The alarm was set again for 6 am for the next act.
ACT 3 - BASTE
I hate waking up with the alarm.
It seems against nature to be yanked out of a delicious slumber by an evil noise from hell.
But allow myself to be yanked yet again I did to stumble to the kitchen. It's still pitch black out,
but the house is smellin' guuud.
Grab the potholders, take the big pot out of the oven, ladle the appley juices over the meat, and wrap it back in it's foil seal.
Now, this next part I blame on sleepiness.
I went to put the lid back on, and it looked so innocent sitting there in the predawn dimness of the poorly lit kitchen.
Didn't look like it was hot, ya know? And aren't reflexes a great thing?
I was able to let go pretty damn quick, but not before the seared flesh damage was done.
And you just run to the cold water faucet in the sink without really thinking about it.
Cold water feels soooo good on a burn, and your skin feels soooo on fire after you dry it off.
How was I supposed to get back to sleep with my hand on fire?
Now, I didn't go to college for nuthin'. I filled a big bowl with cold water, laid a towel on the edge,
and slept on the couch with my hand dangling in the water. You know what?
When I woke up at 8 (after not sleeping well anymore, thank you very much), my hand didn't hurt anymore.
ACT 4 - BASTE AGAIN
Actually, I didn't baste it, I turned it over so the other side could soak in the juices.
Put back in the oven - WITH POTHOLDERS!
ACT 5 - SNARF & GOBBLE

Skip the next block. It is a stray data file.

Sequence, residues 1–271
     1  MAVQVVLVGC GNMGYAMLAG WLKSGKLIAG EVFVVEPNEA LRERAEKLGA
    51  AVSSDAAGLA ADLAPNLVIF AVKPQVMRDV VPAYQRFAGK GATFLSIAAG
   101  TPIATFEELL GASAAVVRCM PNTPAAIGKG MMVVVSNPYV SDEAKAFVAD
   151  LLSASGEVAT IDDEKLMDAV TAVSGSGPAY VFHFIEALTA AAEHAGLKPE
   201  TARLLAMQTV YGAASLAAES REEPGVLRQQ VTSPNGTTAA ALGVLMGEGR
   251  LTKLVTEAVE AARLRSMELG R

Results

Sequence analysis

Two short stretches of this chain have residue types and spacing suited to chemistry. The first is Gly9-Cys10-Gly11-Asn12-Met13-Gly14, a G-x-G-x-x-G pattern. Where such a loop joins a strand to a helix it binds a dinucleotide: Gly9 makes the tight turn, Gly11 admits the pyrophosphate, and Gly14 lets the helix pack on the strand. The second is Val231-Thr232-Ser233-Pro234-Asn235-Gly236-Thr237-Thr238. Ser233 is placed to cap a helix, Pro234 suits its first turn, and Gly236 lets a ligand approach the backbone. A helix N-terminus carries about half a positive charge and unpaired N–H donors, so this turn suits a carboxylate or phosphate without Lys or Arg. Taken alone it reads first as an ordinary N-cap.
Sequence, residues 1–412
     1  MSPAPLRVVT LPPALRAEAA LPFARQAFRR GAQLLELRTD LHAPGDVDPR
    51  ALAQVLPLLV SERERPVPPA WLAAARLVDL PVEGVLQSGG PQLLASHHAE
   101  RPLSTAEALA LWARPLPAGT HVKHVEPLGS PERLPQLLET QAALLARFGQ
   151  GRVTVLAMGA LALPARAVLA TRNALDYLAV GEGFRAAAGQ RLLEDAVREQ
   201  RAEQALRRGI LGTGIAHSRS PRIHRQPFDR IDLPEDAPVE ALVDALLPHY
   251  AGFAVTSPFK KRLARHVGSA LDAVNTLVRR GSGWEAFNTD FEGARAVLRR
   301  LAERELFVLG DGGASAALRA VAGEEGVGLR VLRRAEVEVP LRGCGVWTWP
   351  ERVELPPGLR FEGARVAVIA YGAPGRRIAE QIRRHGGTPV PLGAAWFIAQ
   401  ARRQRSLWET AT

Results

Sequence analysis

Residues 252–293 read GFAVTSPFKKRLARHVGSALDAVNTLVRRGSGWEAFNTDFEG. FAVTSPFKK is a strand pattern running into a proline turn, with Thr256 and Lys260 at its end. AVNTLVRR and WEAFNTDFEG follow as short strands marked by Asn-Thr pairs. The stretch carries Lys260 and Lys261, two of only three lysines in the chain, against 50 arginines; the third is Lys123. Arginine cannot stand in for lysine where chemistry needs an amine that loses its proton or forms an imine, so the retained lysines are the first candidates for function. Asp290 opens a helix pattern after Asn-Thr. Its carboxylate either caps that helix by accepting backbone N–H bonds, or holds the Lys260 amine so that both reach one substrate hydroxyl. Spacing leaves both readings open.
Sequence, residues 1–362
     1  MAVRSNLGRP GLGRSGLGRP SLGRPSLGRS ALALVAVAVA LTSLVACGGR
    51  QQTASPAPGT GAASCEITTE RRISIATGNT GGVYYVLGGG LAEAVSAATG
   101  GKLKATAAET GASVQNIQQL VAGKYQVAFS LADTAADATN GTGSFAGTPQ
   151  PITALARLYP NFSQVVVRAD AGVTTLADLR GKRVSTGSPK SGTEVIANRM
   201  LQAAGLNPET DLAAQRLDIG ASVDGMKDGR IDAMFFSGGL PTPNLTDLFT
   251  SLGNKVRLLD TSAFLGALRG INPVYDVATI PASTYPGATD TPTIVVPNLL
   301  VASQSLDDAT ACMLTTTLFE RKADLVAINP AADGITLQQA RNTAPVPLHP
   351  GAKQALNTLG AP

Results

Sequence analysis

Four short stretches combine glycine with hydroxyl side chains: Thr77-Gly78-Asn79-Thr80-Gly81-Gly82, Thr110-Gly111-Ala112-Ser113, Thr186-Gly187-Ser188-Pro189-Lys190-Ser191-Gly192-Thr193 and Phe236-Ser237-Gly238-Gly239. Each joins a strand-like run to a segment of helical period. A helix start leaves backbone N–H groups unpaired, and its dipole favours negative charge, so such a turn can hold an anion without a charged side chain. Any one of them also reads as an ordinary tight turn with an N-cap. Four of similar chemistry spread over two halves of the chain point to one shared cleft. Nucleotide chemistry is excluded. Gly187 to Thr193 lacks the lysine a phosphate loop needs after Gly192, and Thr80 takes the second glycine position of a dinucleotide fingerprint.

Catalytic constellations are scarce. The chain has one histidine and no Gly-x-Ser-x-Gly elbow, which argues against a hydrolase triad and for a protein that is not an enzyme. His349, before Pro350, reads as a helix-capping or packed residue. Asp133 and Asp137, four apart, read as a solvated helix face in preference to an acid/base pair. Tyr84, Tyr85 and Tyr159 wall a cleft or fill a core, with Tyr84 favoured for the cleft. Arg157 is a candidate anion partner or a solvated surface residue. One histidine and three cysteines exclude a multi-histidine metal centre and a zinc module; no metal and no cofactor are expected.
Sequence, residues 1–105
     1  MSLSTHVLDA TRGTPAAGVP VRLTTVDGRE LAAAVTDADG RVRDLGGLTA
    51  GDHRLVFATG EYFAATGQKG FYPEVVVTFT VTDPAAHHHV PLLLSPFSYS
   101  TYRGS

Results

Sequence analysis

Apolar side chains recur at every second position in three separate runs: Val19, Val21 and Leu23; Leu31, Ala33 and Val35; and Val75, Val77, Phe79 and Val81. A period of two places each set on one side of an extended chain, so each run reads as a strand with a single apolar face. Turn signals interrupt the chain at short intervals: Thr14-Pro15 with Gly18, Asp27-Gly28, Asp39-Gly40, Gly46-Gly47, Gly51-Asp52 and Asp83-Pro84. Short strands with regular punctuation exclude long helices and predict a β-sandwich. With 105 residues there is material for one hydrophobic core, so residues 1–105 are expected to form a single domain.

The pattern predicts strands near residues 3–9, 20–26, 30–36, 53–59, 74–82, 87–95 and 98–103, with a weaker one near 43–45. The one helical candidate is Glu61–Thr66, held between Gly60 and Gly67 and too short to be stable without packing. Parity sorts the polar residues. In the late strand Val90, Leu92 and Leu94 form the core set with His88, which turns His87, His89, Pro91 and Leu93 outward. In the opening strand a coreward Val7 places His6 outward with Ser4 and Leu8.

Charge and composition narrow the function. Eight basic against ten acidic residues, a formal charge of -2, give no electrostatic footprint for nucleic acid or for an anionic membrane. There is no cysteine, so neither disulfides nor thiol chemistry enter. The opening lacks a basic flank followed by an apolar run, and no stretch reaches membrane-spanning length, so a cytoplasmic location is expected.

Showered, dressed, rousted BS out of bed, gathered everything & drove to my mother's beach condo for a Labor Day feast.
She made brownies & cut up some fresh fruit.
My brother, 2 nieces & nephew-in-law brought everything else.
The lid & foil came off & a couple of forks teased apart the falling-off-the-bone tender meat.
OH EM GEE!
Words cannot describe.
Look at this bowl of heavenly gastronomic delight.
But my brother, bless his misguided heart, wanted to chop & mince it.
I was able to save some from the evil knife of doom, but, alas, not all the pork survived his gleeful maniacal chopping.
And, brother dearest, if you ever take that big knife to my pulled pork again and chop it into oblivion, I'll have to hurt you.
I strained the cooking juices & removed most of the fat.
Then we mixed some of it with a bit of hot sauce and stirred it back into his minced pile.
LEAVE MY PULLED SHREDS ALONE!
It was a feast of crackers & my mother's famous-throughout-the-whole-family cheese ball, fresh fruit, barbecue,
cole slaw, baked beans, rolls, macaroni & cheese, and brownies.
I think I would want all this stuff at my last meal. Seriously. Either this or spaghetti & cheesecake. It's a toss-up.
ACT 6 - THE AFTERMATH
No words are necessary.
- Pots that just came out of the oven are hot.
- I WILL make this again, however, next time I want the cooking liquid to be less appley.
- Keep the knives away from my pulled pork.
- Don't forget the chipotle hot sauce (we had to use regular Texas Pete)
The tourist season is now officially over. I can go back to the beach!